Students move to the North Residential District – La Lanterne

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An Ohio state hospitality manager takes the luggage to an incoming student’s room. Credit: Nick Roll | Campus Editor

Greeted by blaring pop music, student move-in aids and caffeine resident advisers – at 8 a.m., no less – the students moved into the newly completed residential north on Saturday.

The new complex of residences and green spaces means a net increase of 3,200 beds over the old structures, said Dave Isaacs, spokesperson for the Office of Student Life. The eight new university residences are complemented by a dining room and a gym.

The total cost of the project, construction of which began in the summer of 2013, was $ 370 million.

The increase in beds comes as, for the first time in Ohio State history, freshmen and sophomores are required to live on campus as part of the sophomore transformational experience program . There are now around 14,000 students living on campus, up from 11,000 last year.

Despite the increase in the number of students needing to move in, Isaacs said the process went smoothly minus a break that had to be taken into account for inclement weather.

Isaacs said his favorite part of the newly completed project was meeting the needs and expectations of space students. He said the university used the research to find out how and where students liked to study and meet.

“So you can study, with your headphones on, on your own, but in a room full of people, to keep the social aspect,” Isaacs said of the design of some of the study rooms.

Isaacs said the deliberate design was an integral part of the whole project.

“Everything was designed to feel like a community,” Isaacs said, as opposed to just a cluster of buildings.

Jesse Wildman, a second year in marketing, agreed.

“It’s like walking around a town or a neighborhood,” said Wildman, who lived in the Norton House residence last year and now lives in Bowen House.

Brianna Wagner, a second year in chemical engineering, said she liked her accommodation more this year than when she lived on the south campus in first year.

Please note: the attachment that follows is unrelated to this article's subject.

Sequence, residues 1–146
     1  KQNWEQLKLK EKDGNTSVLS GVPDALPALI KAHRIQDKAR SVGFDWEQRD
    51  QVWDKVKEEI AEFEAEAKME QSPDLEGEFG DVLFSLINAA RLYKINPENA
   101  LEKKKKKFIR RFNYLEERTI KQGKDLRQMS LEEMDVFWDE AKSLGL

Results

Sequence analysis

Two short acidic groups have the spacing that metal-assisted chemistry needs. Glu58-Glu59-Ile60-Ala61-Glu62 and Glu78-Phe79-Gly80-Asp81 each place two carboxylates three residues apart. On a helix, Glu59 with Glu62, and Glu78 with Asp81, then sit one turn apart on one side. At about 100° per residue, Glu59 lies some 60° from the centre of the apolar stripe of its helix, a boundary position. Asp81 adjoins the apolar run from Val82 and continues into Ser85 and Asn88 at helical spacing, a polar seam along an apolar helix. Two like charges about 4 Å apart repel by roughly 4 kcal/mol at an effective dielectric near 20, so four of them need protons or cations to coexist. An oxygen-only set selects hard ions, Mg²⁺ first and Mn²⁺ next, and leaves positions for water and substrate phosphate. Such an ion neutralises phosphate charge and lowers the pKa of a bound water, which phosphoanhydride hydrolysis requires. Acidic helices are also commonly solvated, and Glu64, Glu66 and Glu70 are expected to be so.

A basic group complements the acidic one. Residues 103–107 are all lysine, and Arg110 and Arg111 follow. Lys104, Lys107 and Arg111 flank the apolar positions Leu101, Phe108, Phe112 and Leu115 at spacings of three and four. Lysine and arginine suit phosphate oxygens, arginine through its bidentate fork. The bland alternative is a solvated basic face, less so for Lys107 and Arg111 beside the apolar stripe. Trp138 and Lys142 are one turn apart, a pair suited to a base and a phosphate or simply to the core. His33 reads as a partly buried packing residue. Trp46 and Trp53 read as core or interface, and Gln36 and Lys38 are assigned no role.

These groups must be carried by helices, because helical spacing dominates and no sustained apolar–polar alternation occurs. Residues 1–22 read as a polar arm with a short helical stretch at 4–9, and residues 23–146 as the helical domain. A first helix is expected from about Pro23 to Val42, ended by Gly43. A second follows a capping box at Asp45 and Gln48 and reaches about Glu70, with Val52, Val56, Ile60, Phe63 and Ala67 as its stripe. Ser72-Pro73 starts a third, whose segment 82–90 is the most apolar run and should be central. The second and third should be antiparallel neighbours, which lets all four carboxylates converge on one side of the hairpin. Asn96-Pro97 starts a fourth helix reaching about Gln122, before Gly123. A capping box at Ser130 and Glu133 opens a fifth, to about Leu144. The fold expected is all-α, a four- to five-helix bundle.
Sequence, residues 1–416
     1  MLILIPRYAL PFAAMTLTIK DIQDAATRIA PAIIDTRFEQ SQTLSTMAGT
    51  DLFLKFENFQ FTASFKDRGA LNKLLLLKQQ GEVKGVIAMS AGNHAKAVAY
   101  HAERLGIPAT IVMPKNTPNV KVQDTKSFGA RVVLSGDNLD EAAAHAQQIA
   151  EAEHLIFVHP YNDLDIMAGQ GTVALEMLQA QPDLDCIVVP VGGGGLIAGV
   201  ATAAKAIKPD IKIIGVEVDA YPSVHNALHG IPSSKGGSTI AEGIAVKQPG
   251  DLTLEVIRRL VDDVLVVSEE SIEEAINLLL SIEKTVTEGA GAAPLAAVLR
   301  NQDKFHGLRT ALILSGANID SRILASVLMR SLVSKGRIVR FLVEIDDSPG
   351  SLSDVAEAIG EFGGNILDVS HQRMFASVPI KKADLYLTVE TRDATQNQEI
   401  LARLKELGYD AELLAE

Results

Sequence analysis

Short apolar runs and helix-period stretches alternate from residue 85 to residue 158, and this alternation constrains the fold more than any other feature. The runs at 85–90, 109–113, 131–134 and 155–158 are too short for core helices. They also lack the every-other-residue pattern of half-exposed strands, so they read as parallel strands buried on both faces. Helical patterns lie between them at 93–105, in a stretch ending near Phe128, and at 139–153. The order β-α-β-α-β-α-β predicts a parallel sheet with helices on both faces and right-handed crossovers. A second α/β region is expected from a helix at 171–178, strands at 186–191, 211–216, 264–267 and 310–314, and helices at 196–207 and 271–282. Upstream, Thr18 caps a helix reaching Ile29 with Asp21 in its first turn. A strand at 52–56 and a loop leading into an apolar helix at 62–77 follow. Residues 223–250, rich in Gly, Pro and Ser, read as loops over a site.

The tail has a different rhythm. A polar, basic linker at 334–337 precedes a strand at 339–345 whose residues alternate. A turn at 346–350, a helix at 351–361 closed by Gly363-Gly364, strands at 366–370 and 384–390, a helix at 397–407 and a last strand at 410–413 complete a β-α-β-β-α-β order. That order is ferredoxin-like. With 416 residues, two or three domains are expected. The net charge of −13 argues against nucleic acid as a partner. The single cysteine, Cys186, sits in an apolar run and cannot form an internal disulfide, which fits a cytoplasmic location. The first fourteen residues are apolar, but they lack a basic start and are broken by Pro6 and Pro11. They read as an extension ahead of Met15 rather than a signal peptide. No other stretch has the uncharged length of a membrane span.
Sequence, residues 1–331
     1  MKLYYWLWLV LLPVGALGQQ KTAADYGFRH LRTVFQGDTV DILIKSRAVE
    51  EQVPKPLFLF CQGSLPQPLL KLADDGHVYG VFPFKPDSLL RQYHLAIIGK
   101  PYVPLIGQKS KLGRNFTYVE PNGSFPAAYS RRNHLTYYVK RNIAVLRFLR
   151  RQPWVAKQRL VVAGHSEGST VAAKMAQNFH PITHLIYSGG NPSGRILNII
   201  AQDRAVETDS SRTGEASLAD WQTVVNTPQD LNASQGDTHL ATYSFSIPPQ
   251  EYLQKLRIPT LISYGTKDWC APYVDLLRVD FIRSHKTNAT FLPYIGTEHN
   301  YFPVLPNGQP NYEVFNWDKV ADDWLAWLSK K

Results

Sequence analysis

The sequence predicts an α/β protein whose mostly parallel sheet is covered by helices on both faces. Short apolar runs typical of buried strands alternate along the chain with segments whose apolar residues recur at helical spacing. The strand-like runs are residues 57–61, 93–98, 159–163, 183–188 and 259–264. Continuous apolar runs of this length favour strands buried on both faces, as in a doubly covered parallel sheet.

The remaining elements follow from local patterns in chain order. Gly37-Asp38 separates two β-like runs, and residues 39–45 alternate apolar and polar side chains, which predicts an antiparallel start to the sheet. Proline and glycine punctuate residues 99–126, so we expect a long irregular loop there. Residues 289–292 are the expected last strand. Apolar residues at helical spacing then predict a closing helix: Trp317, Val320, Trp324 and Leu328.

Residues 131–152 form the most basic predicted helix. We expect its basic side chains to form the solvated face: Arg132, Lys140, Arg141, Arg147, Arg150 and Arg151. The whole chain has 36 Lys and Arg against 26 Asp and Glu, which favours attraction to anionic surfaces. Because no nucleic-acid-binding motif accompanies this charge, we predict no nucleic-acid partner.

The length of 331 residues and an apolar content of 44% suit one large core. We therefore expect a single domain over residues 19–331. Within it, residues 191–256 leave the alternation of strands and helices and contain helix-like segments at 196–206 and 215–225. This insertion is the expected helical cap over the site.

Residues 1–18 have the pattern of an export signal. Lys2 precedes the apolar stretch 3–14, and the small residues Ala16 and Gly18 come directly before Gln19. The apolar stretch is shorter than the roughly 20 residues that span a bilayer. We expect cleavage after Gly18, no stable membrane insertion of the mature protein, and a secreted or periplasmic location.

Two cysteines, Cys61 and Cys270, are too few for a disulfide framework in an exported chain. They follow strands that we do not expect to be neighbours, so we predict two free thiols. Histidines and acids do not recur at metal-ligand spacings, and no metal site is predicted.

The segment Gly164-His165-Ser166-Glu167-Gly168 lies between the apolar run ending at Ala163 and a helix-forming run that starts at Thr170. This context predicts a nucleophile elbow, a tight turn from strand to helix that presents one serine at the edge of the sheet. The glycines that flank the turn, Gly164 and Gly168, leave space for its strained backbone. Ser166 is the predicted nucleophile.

“I feel like everything (you need) is everything here,” said Wagner, who lives at Blackburn House. “I also really like the green space.

Isaacs said 422 trees and more than 4,000 shrubs contributed to a 157 percent increase in green space from before construction began.

Charles and Joyce Busch sit over coffee in the living room of the Busch House, named after Charle's brother, Jon.  Credit: Nick Roll |  Campus Editor

Charles and Joyce Busch sit over coffee in the living room of the Busch House, named after Charle’s brother, Jon. Credit: Nick Roll | Campus Editor

Some of the students were greeted on Saturday by Charles and Joyce Busch, parents of Jon Busch, the namesake of the new Busch House residence. Jon was a former OSU student who died during the Vietnam War. Busch House follows the academic tradition of naming the residences on the North Campus after veterans.

“I got an email about a year and a half ago… saying, ‘We would like to name (Jon) a house,’” said Charles Busch. “And I thought they were talking about a literal house.”

Instead, they got a seven-story residence that houses 465 students.

“We couldn’t imagine anything like it,” said Joyce Busch. “It’s nice.”

The Busch family said they were grateful the memory of Jon Busch was preserved.

“It’s vital,” Joyce Busch said. “The students will go here… It kind of fills that void,” left by the death of Jon Busch.

The room hosts photos and medals from Jon Busch’s time in the military, which the family hoped to educate young people about.

“Otherwise, all of the things on display here would just be in someone’s attic,” Charles Busch said.


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